Top-Rated Free Essay

Physician Assisted Suicide
Topics: Suicide, Death, Assisted suicide, Physician, Medicine, The New York Times / Pages: 11 (2543 words) / Published: Apr 24th, 2013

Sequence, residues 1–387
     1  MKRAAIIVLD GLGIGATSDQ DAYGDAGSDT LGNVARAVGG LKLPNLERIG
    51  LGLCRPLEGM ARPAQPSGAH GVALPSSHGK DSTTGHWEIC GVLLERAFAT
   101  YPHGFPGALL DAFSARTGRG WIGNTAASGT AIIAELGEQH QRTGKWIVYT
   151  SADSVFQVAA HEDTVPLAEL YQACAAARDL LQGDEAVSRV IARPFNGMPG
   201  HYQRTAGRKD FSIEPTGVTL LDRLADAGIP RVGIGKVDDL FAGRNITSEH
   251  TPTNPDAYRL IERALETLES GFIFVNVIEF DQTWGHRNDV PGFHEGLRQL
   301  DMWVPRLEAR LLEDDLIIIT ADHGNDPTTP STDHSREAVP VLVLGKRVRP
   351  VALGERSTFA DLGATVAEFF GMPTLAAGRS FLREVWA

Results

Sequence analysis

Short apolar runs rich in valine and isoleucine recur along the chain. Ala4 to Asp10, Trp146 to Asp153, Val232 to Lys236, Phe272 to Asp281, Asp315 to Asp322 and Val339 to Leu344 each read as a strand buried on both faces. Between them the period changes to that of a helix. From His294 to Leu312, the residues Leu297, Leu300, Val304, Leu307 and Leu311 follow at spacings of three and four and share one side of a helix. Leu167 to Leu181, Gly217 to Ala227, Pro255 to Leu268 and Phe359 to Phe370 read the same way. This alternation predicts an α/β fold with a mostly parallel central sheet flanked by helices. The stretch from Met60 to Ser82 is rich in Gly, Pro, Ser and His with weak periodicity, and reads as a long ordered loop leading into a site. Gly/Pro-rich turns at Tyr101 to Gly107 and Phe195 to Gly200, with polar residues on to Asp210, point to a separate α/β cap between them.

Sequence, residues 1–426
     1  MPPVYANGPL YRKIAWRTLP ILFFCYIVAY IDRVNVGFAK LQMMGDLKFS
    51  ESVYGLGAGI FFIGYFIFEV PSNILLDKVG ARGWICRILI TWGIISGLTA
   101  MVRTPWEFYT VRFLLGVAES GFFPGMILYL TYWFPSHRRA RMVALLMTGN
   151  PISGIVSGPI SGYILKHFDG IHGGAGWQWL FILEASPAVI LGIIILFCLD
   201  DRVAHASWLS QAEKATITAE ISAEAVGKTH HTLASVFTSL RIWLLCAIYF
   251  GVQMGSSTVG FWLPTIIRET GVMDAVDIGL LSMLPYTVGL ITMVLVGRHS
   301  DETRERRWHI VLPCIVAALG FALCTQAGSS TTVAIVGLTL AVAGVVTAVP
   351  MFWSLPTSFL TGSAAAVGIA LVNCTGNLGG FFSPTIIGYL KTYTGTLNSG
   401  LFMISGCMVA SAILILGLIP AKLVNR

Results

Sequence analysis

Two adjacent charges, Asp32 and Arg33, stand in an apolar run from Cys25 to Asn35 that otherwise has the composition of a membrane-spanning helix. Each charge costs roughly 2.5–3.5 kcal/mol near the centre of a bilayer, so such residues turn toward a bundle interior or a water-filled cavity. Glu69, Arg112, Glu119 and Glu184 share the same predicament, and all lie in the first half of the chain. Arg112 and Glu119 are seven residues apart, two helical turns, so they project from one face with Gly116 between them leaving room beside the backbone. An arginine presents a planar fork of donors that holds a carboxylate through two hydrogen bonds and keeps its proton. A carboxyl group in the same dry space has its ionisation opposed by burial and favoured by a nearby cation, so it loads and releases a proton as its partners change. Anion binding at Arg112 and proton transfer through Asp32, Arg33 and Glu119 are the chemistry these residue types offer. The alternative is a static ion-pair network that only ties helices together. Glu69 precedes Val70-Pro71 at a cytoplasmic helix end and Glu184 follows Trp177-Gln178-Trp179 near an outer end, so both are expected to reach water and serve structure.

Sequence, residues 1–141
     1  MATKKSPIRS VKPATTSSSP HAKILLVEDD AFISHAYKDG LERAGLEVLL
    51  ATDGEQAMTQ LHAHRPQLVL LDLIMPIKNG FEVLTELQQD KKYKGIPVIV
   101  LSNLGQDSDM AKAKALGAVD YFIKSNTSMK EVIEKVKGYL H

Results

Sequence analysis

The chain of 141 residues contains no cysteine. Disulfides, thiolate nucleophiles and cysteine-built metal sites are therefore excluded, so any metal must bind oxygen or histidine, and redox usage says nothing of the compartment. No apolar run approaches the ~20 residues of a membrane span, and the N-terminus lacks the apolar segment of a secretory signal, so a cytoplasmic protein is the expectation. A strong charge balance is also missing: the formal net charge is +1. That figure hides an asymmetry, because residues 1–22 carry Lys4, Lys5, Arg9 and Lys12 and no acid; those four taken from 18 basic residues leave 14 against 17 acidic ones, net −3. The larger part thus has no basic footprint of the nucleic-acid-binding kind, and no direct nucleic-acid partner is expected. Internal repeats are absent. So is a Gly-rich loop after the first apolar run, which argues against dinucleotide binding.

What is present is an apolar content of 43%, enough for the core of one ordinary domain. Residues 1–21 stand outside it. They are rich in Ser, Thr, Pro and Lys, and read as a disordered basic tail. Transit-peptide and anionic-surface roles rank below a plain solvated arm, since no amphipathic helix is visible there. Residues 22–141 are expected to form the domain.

Mary Balow
Soc 4101W
4/1/2013

The Media’s Treatment of Physician-Assisted Suicide